One of the most popular questions I’m asked is, “What do I wear to the photoshoot? Do you have any tips?”
And while we all have our own personal styles and aesthetics, there are a few basic rules of thumb you’ll want to follow while you’re planning and coordinating your family’s outfits. Let me detail them below:
Choose your outfit before your kids.
There are a million cute outfits for your children out there, but I dare you to think of yourself first! Choose an outfit that makes you feel confident and then base the rest of the ensembles off of yours.
Dress to flatter.
Some fabrics tend to cling — avoid those! Some outfits gape under the arm — avoid those too! You want to wear something that you’re fully comfortable in before you show up for photos. Maybe that means wearing your new outfit to dinner one night, or around the house to get a good feel for how it moves. If your photoshoot involves young children, I recommend avoiding a shorter dress because you will spend more time crouching and moving with them. In that case, opt for a longer dress.
Neons cast color-shades onto your skin, and that can be difficult or impossible to edit out. Reds can also cast color, so choose wisely.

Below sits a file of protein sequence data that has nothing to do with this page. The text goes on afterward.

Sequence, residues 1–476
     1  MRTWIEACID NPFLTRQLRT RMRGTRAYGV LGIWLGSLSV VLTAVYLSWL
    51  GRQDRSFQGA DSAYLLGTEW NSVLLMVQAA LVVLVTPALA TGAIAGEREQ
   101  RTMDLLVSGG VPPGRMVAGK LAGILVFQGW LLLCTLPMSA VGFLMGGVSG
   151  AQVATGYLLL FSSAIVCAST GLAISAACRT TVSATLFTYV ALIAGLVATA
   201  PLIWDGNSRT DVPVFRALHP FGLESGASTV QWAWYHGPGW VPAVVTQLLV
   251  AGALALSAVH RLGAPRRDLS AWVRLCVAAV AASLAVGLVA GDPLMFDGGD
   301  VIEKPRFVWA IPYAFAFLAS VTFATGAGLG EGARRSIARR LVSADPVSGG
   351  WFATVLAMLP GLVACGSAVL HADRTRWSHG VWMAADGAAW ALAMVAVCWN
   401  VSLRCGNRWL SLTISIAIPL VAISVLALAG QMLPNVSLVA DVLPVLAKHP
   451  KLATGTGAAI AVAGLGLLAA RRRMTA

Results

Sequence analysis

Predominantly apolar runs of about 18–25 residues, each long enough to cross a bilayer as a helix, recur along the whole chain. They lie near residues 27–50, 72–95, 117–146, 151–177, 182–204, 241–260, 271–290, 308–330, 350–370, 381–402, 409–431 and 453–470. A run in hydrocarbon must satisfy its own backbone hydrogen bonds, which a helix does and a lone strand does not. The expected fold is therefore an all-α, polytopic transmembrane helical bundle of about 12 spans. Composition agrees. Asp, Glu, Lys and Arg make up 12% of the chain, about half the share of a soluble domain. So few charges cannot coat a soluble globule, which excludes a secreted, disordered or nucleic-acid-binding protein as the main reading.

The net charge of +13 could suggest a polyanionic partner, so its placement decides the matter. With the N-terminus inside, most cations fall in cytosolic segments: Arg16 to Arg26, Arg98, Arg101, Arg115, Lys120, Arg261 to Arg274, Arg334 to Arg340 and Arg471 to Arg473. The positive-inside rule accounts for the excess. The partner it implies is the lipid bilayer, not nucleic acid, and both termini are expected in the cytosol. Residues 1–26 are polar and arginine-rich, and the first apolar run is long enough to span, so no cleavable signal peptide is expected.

Avoid direct color-matching, and opt for complimentary colors instead.
Trying to match the exact shade of burgundy can be difficult, and the same goes for other popular colors like navy, khaki, and even black. Instead of matching everyone in one color, try utilizing complimentary colors instead— colors that go well together. Here are some great color combinations:
Choose small patterns.
Big patterns can be distracting, and the goal of this is not to highlight what you’re wearing, but to highlight YOU. Choose small patterns (like ditsy florals, etc) in your outfits. If you and a child choose to wear a pattern, make sure to balance that out with your husband or another child in a solid.
Skip the logos.
Keep your outfit simple and clean, because your photoshoot is much more about feeling and less about style. The focus is on your family, not on logos, which tend to draw the eye away from the face.